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Figure 10 presents a visual overview of the best-fit model solutions and their agreement with the data for each epoch of observation. The first row displays the classical ADI images derived from the data, while the second row shows the classical ADI images generated from the best-fit model disk images with the same set of parallactic angles. The third row represents the subtraction residuals of the first two rows, demonstrating that the overall morphology of the data is well explained by the models. The residuals are largely unstructured and well behaved; a coherent arc reminiscent of the disk structure is retained only in K2. There are no consistently recurrent features apparent in the four residual images that would suggest observable disk structure beyond the scope of the model parameter space, such as spirals, clumps, gaps, or planets.

The fourth row exhibits the unprocessed simulated scattered-light images of the best-fit model disks in logarithmic stretch. The disk architectures are roughly consistent between the epochs. Note that the position of the disk center is consistently offset from the star, bringing the bright near side of the disk rim closer to the star. In our model parametrization, this corresponds to a negative value of y. This observation is further discussed below in Sect. 5.9.

The fifth and sixth rows of Fig. 10 show the S/N maps corresponding to the original ADI output images (first row) and subtraction residuals (third row), using the a posteriori radial noise map derived from the residuals (third row), as discussed in Sect. 4.4.2. This reduces the dynamic range of the images, allowing residual structures at various radii to be compared directly. The images of the fifth row further offer an estimate of the overall information content of each observing run. Since the original disk flux can be assumed as approximately constant, the S/N at which the disk is detected at a given location is a measure of sensitivity and effectiveness of noise suppression.

We can obtain a numerical measure of the information content in each dataset by calculating the reduced χ2 of the raw ADI images, which is defined as the RMS of the S/N map divided by the number of pixels in the evaluation area. The resulting numbers are given in Table 4. This confirms our choice of K3 as the most reliable dataset and explains the inferior performance of K2 in Fig. 10.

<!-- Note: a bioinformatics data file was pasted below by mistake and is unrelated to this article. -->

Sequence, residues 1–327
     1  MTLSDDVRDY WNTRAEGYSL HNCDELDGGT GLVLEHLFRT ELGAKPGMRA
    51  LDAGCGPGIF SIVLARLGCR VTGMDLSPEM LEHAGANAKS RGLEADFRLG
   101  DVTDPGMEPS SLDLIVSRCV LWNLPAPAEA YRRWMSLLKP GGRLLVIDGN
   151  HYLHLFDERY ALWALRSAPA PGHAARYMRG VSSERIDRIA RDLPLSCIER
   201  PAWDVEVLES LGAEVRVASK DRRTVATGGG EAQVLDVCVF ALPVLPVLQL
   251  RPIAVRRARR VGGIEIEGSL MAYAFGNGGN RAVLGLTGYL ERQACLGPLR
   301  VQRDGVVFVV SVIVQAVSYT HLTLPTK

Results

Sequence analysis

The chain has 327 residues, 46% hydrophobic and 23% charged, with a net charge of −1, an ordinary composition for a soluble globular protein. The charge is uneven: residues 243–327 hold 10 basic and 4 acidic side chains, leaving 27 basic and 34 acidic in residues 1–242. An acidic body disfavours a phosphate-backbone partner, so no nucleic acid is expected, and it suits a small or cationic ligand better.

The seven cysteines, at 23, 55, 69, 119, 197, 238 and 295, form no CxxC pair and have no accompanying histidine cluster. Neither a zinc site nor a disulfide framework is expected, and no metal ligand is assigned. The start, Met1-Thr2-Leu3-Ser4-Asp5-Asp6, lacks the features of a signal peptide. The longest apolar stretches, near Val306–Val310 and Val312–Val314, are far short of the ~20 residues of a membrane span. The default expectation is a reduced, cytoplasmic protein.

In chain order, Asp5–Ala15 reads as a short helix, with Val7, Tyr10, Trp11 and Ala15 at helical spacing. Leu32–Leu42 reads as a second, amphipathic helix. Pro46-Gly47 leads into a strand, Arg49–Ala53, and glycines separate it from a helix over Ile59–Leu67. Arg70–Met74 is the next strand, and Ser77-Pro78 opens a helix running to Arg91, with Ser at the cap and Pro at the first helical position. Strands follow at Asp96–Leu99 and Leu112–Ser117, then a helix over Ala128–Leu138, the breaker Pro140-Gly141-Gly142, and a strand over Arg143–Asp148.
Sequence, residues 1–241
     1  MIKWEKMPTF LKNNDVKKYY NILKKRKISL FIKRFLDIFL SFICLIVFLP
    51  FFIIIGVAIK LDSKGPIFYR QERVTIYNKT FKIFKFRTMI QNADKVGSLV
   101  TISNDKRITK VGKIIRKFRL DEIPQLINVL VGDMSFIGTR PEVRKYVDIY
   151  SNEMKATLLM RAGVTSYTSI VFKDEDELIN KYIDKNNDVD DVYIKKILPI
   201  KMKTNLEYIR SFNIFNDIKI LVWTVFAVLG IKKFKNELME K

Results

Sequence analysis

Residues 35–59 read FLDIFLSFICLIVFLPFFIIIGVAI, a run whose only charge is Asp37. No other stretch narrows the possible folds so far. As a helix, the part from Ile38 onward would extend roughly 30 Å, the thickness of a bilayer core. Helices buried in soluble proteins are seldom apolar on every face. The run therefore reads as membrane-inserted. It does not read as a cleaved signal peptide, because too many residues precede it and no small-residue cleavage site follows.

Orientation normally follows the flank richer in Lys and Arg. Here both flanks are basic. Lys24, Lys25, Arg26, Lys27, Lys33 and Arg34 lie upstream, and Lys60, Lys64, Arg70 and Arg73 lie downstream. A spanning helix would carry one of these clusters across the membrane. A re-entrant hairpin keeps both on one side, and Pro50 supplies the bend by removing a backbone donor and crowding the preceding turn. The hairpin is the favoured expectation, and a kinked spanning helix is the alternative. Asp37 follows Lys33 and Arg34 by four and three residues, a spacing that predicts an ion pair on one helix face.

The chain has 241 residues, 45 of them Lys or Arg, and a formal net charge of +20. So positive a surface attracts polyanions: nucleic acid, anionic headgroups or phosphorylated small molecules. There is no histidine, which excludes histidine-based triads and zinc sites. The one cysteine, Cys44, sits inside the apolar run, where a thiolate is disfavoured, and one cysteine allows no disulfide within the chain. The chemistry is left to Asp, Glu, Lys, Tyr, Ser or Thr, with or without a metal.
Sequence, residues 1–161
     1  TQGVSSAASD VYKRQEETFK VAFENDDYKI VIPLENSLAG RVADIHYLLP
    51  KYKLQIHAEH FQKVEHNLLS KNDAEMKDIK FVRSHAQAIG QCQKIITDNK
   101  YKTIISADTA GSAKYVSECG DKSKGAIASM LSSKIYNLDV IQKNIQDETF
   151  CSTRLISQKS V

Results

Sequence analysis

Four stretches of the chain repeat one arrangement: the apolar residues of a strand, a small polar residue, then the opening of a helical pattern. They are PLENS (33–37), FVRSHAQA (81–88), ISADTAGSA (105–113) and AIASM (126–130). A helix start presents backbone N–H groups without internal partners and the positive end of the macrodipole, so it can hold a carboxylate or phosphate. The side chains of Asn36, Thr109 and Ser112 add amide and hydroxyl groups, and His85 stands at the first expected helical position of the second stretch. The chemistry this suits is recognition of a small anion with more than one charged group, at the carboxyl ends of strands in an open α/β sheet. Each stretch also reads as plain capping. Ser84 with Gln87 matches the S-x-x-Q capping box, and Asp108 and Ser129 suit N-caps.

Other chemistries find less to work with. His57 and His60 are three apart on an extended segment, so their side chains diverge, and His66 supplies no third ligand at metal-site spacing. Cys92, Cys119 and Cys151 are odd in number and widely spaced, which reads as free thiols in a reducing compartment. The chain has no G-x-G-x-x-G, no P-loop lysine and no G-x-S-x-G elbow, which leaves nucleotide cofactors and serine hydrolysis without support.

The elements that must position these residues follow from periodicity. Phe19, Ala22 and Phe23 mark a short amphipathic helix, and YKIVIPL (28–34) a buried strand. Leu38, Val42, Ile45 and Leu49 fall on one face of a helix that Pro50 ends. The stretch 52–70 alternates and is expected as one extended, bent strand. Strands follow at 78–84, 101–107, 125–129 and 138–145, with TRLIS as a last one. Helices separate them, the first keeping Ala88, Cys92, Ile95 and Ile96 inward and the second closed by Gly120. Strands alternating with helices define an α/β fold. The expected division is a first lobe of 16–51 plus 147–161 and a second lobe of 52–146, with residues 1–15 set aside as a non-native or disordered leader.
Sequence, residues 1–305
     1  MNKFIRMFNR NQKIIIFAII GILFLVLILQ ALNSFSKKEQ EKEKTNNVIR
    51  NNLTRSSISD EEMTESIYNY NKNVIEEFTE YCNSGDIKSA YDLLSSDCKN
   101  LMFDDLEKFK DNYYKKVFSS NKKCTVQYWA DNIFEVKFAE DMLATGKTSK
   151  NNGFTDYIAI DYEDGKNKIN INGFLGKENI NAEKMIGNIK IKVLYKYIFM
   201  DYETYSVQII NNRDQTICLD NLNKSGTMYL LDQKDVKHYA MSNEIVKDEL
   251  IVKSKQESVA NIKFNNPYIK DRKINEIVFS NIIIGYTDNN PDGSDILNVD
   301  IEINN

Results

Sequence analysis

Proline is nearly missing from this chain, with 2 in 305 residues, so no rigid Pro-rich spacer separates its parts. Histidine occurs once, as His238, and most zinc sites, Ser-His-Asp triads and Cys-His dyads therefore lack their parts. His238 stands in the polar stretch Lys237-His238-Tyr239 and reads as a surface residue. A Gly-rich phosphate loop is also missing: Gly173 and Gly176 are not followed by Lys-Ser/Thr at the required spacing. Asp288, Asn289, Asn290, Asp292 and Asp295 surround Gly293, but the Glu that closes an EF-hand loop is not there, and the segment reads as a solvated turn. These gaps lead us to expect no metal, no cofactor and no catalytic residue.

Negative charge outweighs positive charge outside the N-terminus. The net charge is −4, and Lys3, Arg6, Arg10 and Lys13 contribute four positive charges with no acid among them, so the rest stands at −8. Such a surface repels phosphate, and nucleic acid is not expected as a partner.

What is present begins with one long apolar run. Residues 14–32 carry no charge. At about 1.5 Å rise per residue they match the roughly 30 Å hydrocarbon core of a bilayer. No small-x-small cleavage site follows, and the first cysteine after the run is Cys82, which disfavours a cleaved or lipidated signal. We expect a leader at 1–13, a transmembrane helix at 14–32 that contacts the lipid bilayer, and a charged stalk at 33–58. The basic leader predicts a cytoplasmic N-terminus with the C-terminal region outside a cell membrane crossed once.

5.4. Constraints on the wall shape parameter w

Figure 11 presents the minimum χ2 achieved in our brute-force grid search as a function of the gap wall shape parameter w. The best-fit solutions of all four epochs lie within the narrow interval of w = [0.27,0.31]. While two individual epochs cannot exclude the possibility of an abrupt “vertical” wall (w ≈ 0), the combined analysis yields a well fitting range of w = [0.19,0.36], which clearly favors an extended, “fuzzy” radial transition from gap to outer disk.

Figure 12 illustrates the difference between a round wall (s = 0.30) and a vertical wall (s = 0.05) for the epoch K3. We find no significant codependence of the best-fit value of w with other model parameters.

5.5. Constraints on inner disk settling s

Figure 13 shows a plot of the minimal χ2 achieved in our brute-force grid search for each of the three considered values of the inner disk settling parameter s = { 0,0.5,1 } compared to the global χ2 minimum. As expected on the basis of our preliminary analyses (cf. Sect. 5.1), the global best fit is achieved with s = 0 for all epochs, whereas the best fits attainable with s = 1 exceed the global χ2 minimum by 3–7 Δχ2 (10 Δχ2 for all four epochs combined).

Table 4

Information content of the four datasets, as measured by the reduced χ2 of the a posteriori S/N map of the raw ADI disk image.

thumbnail Fig. 11

Constraints on the wall shape parameter w. The plot shows the excess of the best-fit χ2 for a given w with respect to the minimal achieved, which is normalized by the threshold value Δχ2. The color-coded curves represent each individual epoch, whereas the thick black curve is obtained by combining all four epochs. The bottom panel shows the well fitting range and the best-fit value for all five analyses. The global best fit is achieved for w = 0.31, suggesting that the gap wall of the outer disk is “fuzzy”, extending over a significant range of radii rather than being sharply constrained to a given radius (w ≈ 0).

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thumbnail Fig. 12

Comparison of the best-fit solutions for w = 0.30 and w = 0.05 for the K3 dataset. a) Image of the unconvolved best-fit model disk with w = 0.30 at logarithmic stretch. b) Same for w = 0.05. c) S/N map of the residual image after subtracting the ADI-processed best-fit model image with w = 0.30 from the ADI-processed data at a linear stretch of ±5σ. d) Same for w = 0.05. e) Difference of the images d)–c) at a linear stretch of ± 2σ. The χ2 of the w = 0.05 model exceeds that of the w = 0.30 model by 0.85 Δχ2.

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thumbnail Fig. 13

Constraints on the inner disk vertical settling parameter s. The plot shows the excess of the best-fit χ2 for a given s with respect to the minimal achieved, which is normalized by the threshold value Δχ2. The color-coded curves represent each individual epoch, whereas the thick black curve is obtained by combining all four epochs. In all cases, the best fit is achieved with s = 0, or with a completely absent inner disk shadow.